If you are wondering which tire size and type to choose for your vehicle, it is imperative that you learn how to decipher the information that is branded on the sidewall of a tire. The branded letter and number codes provide all the necessary information you will need to know about a tire. For the purpose of clearly elaborating on tire sizes, we will use a primary example of the tire code P215/50 R17 95W.
1. Vehicle Type
The first letter in a tire label illustrates the type of vehicle that the tire is designed for. In our example, the letter indicated is P. This means that the car is designed for passenger cars. Other initial letter codes include T for Temporary Spare. This means that the tire should only be used temporarily in the event of a flat tire. LT stands for Light Truck, while ST means Special Trailer.
If there is no letter before a tire code, it means that the tire is a Euro-metric, that is, it is mainly designed for European cars, but can also be used on sport utility cars and vans. These tires are dimensionally similar to P-tire sizes, but differ slightly in the load size they can carry.
2. Tire Width
The three-digit numbers that follow the opening letter(s) indicate the tire’s width in millimeters. In our tire code example, the width of the tire is 215mm, having been measured sidewall to sidewall.
3. Aspect Ratio
The first 3-digit code indicating the tire’s width is followed by a slash and after that, a second 2-digit number. This number indicates the tire’s aspect ratio or profile, that is, width to height percentage. The number 50 in our example means that the tire’s sidewall height is 50% of the section width. Generally, tires that have lower aspect ratios are considered as performance tires.
4. Internal Construction
Following the aspect ratio number is a second letter, in our case, R, which means Radial construction. This indicates that the tire’s plies radiate or exude out of the wheel’s imaginary center. R tires are the most common kind of tires available today.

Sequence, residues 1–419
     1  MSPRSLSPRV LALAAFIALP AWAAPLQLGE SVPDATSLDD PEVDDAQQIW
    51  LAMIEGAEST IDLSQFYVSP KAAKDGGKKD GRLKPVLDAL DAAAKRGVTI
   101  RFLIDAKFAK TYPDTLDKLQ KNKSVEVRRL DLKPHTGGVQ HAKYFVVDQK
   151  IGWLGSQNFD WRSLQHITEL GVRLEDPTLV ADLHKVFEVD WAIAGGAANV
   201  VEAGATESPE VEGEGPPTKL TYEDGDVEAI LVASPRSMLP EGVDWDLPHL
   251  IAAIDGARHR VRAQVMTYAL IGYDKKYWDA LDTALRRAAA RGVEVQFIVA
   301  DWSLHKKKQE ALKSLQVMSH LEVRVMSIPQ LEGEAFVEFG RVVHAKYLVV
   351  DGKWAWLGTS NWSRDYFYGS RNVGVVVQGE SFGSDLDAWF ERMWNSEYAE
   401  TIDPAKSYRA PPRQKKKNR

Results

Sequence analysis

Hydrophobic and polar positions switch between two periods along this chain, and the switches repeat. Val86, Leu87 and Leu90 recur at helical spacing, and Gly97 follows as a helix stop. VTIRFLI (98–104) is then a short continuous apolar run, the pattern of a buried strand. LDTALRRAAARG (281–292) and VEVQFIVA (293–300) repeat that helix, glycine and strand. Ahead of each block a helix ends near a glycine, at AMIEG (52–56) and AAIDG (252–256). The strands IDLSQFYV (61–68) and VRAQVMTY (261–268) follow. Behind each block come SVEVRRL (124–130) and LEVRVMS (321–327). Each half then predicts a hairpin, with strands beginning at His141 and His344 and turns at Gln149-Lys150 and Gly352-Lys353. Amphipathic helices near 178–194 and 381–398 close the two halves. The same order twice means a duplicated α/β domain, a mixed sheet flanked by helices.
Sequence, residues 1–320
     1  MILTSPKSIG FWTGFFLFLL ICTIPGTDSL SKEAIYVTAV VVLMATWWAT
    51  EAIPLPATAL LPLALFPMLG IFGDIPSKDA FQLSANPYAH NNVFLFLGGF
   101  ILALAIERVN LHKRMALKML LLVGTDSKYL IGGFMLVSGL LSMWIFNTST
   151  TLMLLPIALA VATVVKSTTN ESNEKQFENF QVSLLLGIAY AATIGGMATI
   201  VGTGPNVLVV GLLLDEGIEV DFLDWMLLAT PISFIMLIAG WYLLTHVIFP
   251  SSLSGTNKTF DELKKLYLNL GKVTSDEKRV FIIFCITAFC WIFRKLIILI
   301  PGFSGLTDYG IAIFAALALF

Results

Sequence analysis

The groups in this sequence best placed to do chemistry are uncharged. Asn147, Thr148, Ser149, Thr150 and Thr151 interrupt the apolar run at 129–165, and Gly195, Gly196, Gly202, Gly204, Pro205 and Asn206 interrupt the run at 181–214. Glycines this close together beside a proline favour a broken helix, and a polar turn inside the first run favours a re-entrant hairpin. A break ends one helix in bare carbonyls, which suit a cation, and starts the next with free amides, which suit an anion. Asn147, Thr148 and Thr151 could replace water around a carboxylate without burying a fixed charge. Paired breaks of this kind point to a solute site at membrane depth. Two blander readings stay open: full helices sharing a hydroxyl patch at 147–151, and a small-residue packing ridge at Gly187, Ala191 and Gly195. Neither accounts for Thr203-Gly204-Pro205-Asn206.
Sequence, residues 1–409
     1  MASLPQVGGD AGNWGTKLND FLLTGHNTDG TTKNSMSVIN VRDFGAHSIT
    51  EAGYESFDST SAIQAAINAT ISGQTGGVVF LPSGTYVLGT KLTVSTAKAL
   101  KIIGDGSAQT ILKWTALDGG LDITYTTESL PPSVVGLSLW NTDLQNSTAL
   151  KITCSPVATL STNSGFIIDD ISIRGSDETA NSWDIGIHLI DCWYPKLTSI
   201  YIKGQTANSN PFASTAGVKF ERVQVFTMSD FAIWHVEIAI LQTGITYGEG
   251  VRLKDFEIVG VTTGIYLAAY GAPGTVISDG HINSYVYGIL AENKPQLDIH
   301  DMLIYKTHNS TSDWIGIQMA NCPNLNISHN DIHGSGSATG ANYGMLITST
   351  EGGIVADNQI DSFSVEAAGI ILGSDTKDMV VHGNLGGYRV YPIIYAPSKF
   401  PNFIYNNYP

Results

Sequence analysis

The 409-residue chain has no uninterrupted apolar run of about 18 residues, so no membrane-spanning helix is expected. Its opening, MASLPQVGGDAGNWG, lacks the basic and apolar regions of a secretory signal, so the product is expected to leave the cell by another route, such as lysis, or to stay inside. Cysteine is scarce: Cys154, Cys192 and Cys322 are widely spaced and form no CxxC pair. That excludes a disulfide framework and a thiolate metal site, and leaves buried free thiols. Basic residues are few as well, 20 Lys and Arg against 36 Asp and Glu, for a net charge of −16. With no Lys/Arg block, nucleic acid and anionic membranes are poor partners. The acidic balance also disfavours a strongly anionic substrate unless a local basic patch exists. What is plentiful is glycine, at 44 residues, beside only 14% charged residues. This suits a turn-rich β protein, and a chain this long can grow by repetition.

5. Rim Size
The number following the internal construction letter is the rim size, and for our case, it is 17. This means that the tire fits a 17-inch rim or wheel size. Rim sizes are generally available in a range of 8-28 inches.
6. Load Index
The rim size number is followed by another number that indicates how much load a tire can handle, that is, its load index. Our tire’s load index is 95 meaning each tire can carry 1521 pounds. By referring to the Maximum Load-Carrying Capacity table, you will be able to know much 4 tires with the same load index can comfortably carry.
7. Speed Ratings
The last letter on a tire code points out the tire’s speed ratings. In our example, the rating is W, which indicates a max speed rating of 168mph. Other ratings that indicate the maximum speed in mph include S-112, T-118, U-124, H-130, V-149 and Y-186. Exceeding a tire’s speed rate will increase friction, which will cause the tires to heat up. Overheating will cause the tire’s treads to detach from the belts.